– It would be for me to have a certain opinion in such a case. Actually, I haven’t seen recent documents but, performing a short analysis of the events after ’89, I can consider that this obsession of Russians still blocks the relations between Romania and Moldova. We witnessed that the impact of Moldova‘s accommodation between Europe, Russia and Germany proved difficult to manage by the OSCE. We must try to solve this blockage, but it is not an easy target, if we take into account the perspective of international organizations.
– The titles of your books (in Romanian version, of course) use some proverbs pretty well rooted in the collective mentality of Romanians, as such, they are able to provoke some kind of reaction-reflex. Was it your option or the publisher’s?
– First, the title in English was my option (in fact also title – “With Friends Like These …” refers to a proverb, from American culture), but that through English translation would be lost some of substance. Or maybe it had not been exciting enough. So, the Romanian editor thought of some alternative, much more suitable to the spiritual heritage of your country.
To be honest, comparing with editions published in the United States, the Romanian language titles are more nuanced and more appropriate to what I wanted to express in books.
– Speaking about reactions, your first book was intensely appreciated on the one hand, but aggressively criticized, on the other. It seems that the second one will witness the same treatment. Are Romanian intellectuals divided between affiliation East / West? Or are they still just confused ?
– There is a part of things here related to the collective perception: many prefer to consider things in a negative way, others lay on the principle that Romanians are not able to be independent. Some believe that Romanians did nothing worthy in history, others think they were not allowed to do it, or they stood in front of the interests of the important states. There are numerous causes and reasons. In the academic environment, this dilemma was treated in huge volumes, placing its representatives in very difficult positions. There are some aggressive reactions that can be understood, one of those being Mr. Tismăneanu’s. In my book there are no references to my past, my friends, but I accept you may find philosophic tendencies and less rigorous approaches. I understand and I respect many of history researchers. I know it is difficult to accept an interpretation that does not fit in your own vision. In this respect, my book is a “brick stone” with hundreds of pages. It is necessary that these writings should be literally explained and argumented with documents which can be easily verified.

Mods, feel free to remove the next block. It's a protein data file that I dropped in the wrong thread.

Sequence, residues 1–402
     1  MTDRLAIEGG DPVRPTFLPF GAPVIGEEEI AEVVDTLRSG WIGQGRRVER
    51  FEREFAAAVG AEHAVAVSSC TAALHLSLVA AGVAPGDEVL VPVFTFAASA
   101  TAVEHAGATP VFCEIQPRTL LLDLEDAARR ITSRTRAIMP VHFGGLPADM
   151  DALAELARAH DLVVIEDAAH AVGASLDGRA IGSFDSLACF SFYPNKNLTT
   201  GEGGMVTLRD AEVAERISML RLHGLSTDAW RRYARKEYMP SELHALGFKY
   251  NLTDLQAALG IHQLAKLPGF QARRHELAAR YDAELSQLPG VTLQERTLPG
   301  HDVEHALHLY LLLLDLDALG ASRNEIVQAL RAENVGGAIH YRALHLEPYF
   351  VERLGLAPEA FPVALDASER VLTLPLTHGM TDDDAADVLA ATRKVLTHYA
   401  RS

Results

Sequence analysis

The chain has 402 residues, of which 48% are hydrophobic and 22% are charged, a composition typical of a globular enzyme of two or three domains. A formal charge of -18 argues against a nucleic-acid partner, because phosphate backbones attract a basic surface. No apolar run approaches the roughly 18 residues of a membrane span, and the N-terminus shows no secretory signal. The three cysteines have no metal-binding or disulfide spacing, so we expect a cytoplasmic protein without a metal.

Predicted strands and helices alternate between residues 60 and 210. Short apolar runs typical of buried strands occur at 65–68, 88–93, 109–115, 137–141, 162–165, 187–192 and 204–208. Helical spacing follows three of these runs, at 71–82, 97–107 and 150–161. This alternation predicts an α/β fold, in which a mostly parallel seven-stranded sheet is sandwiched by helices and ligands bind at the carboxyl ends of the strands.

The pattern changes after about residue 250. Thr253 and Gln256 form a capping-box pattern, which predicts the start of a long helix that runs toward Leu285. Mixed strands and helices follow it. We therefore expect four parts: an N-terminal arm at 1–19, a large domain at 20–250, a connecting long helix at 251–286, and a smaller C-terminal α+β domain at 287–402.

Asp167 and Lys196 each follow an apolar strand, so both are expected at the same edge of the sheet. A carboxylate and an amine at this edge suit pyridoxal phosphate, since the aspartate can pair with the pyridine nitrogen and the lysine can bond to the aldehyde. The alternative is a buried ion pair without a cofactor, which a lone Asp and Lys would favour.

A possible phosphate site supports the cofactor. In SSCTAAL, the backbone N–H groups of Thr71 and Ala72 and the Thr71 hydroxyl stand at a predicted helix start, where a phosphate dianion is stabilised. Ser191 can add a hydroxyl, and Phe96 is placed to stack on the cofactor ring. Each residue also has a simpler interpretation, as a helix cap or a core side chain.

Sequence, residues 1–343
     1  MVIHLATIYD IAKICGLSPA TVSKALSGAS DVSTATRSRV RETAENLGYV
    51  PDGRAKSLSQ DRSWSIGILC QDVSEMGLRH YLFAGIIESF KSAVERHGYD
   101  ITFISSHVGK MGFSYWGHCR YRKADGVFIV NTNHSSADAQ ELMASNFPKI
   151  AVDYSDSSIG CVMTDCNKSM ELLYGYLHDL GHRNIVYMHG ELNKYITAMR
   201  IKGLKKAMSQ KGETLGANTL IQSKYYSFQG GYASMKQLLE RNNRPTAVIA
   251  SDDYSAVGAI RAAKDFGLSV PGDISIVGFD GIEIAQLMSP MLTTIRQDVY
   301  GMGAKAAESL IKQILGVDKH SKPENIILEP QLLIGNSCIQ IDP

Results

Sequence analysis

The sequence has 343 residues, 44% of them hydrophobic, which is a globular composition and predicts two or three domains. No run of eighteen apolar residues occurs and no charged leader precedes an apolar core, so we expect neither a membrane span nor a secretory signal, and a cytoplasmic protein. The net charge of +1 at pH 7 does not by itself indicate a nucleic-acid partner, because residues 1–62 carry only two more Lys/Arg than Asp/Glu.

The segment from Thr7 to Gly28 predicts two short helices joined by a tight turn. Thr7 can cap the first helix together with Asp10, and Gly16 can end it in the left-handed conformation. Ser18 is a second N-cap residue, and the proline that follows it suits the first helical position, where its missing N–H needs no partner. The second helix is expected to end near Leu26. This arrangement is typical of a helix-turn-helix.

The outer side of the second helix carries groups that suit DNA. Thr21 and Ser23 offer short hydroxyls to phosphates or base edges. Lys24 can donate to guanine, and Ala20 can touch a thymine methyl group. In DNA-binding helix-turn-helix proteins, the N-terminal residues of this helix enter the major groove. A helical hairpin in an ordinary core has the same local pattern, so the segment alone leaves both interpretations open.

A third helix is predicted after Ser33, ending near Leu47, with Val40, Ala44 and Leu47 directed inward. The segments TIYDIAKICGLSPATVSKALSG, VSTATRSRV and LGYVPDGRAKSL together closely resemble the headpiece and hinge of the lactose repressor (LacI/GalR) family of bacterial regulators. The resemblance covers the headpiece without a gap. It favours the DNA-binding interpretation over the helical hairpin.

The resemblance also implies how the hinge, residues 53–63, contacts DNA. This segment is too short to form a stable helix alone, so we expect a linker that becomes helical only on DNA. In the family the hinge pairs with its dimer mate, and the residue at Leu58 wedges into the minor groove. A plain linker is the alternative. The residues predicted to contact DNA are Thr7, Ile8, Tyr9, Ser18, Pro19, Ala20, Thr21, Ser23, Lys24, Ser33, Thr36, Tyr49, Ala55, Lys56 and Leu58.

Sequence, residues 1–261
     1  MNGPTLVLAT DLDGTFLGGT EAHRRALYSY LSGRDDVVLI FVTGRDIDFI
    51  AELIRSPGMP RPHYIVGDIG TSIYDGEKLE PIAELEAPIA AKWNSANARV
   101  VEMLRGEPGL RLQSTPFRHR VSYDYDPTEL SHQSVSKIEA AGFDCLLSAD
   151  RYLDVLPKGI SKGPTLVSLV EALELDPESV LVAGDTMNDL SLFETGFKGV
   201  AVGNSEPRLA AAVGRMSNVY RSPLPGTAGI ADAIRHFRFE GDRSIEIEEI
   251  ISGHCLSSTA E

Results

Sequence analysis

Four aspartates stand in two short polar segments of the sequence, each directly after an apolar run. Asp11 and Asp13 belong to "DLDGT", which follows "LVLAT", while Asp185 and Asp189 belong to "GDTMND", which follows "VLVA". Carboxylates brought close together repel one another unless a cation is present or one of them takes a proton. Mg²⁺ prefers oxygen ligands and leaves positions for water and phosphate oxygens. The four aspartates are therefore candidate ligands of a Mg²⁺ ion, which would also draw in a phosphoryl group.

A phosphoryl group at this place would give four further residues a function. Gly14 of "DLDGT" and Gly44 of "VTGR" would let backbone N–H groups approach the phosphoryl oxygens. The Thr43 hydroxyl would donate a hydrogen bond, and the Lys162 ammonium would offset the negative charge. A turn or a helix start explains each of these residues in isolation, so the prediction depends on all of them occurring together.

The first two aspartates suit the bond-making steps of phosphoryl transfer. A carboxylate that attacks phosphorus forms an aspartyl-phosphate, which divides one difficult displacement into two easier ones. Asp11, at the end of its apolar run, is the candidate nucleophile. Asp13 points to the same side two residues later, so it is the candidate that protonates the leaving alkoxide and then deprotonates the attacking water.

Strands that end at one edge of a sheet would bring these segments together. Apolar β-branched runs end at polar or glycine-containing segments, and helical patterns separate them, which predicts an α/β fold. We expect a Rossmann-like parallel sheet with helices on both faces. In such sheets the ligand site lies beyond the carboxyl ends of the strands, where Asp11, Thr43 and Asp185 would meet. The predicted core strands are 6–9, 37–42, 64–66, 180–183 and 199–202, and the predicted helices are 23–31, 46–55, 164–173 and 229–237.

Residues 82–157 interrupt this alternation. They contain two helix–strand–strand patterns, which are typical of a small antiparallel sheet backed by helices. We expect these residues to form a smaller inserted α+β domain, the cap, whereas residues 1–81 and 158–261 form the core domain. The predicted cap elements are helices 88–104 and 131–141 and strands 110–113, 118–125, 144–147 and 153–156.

– Can we believe that excessive feed-back of some of your fellow historians comes from the fear of not being perceived suspiciously, and then they compensate in reactive Chapter ?
– It is difficult for me to answer what exactly determines such reactions. When a historian enrolls in such research projects, I consider that he should possess a certain degree of humanity (maturity and honesty) and when is facing with a different approach that is more powerful than commonly accepted interpretations, he needs to understand that if common opinion can be contradicted, then his thesis also can be contradicted, sometimes even more humiliating. I provide evidences that the Romania was considered by the Soviets not only a rebellious state. Romanians were considered the main enemy in the Eastern Bloc. But I can to accept a contrary view if it is supported by evidence and arguments. I did not mention it yet, but Romania’s transfer from the Department of relations with fraternal services to NATO countries group (the transfer was realized by KGB in the late ’70s), was mainly due to foreign and security policy of Romania. If the blockage caused by ideological differences hadn’t been produced, Romania would certainly have had other opportunities. In fact, Ceausescu has created opportunities, but he was not able to exploit them in the relationship with the West.